The phrase Space Music often
implies New Age music. This may originate from
the Hearts of
Space radio program that began playing meditative
music on Berkeley radio in the 1970's and is now syndicated
around the country. While their definition of space is
metaphorical, our New Age
category focuses on works that show at least some direct
real space inspiration!
"ambient & electronic music from all over the world"
SOMA FM Space
Station Soma: Tune in, turn on, space out.
Spaced-out ambient and mid-tempo electronica. SomaFM
Mission Control - enjoy the audio from historical
NASA missions, or live audio during a Shuttle mission,
mixed in with ambient and experimental music.
Below are given other cases where music was played or
heard in space.
Chris Hadfiled and a Guitar
on the ISS
A Larrivée Parlor acoustic guitar was taken to the International
Space Station in 2001 on a Space Shuttle flight. It
has been played since then by a number of crewmembers.
In the video below, Canadian astronaut and space station
commander Chris Hadfield talks about the history of
the guitar on the ISS, his plans to play and record
some original music with it when he gets to the station,
and how playing in micro-gravity differs from playing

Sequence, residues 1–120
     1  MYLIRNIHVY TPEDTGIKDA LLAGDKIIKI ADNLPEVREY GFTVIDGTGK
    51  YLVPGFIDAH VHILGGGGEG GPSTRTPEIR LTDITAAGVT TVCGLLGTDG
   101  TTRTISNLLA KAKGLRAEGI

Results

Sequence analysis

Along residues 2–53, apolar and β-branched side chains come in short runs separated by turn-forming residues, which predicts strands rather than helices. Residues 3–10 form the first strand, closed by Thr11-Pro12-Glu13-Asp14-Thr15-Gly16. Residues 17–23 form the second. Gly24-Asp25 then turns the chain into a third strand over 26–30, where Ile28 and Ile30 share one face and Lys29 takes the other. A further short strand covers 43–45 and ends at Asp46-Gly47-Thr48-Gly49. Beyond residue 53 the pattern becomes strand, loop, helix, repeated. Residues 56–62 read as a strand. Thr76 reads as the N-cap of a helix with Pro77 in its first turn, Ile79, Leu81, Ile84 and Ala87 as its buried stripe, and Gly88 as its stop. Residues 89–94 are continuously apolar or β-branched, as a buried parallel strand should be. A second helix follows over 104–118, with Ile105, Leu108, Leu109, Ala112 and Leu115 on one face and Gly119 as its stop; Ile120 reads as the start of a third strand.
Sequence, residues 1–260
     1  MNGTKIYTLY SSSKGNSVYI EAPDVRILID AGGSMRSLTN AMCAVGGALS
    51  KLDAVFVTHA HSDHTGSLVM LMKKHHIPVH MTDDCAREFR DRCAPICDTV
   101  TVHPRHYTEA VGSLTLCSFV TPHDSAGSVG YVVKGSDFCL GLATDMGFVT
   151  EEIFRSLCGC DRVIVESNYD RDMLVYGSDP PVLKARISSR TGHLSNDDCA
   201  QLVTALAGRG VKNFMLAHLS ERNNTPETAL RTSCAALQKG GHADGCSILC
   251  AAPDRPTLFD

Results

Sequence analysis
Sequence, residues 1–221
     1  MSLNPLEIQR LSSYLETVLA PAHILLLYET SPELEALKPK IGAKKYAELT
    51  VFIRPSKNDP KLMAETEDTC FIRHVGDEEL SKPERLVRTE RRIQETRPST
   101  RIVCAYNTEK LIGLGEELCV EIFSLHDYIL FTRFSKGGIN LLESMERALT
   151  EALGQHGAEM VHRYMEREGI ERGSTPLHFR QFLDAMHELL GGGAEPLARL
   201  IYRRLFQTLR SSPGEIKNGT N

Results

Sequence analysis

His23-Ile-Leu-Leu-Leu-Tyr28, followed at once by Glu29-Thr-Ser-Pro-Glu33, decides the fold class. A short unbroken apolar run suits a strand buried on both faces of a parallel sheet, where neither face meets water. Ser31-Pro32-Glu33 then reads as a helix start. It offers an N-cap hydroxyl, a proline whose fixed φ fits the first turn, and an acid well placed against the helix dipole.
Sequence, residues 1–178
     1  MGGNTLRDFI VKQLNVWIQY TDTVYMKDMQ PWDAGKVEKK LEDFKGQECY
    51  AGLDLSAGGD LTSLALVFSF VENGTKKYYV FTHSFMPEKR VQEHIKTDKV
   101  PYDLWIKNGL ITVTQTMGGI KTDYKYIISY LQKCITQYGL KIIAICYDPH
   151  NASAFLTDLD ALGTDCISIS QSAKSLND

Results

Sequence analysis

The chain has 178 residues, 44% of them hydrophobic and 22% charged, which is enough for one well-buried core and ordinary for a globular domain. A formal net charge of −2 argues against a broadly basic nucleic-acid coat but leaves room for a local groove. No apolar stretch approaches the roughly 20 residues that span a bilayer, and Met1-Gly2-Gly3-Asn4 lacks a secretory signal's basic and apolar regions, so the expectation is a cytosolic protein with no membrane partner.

in standard gravity
Hadfield has also performed with astronauts Micki Pettit
(lead vocals, wife of Don Petit), Cady Coleman (flute,
see below about
her own peformances in space), and others. Steven Jurventson
recorded the following peformances at a conference in
McNair / STS-41B
Astronaut Ron McNair is believed to be the first person
to take a musical instrument into space and play it
(not counting the simple harmonica and bells on Gemini
6 discussed below). He brought along his saxophone on
shuttle flight STS-41B in Feb. 1984 and made a tape
recording of his playing while there. Unfortunately,
the tape was later accidentally recorded over.
McNair died in the Challenger explosion. During the
flight he had planned to play a work composed for him
by Jean-Michel Jarre. It would have been the first musical
piece whose debut occurred in space. The piece later
appeared on Jarre's album Rendezvous with the
sax played by Pierre Gossez. (Track 6 - Last Rendez-Vous).
Here is a video with the music that McNair would have
Michel Jarre - Last Rendez-Vous (Ron's Piece) - "Challenger"
- YouTube -
tune for the Mars Beagle Mission
The British rock group Blur
provided a short musical track to be carried to
Mars on the Beagle
2 Lander in 2003. Unfortunately, the craft did
not land safely. If it had, this tune would have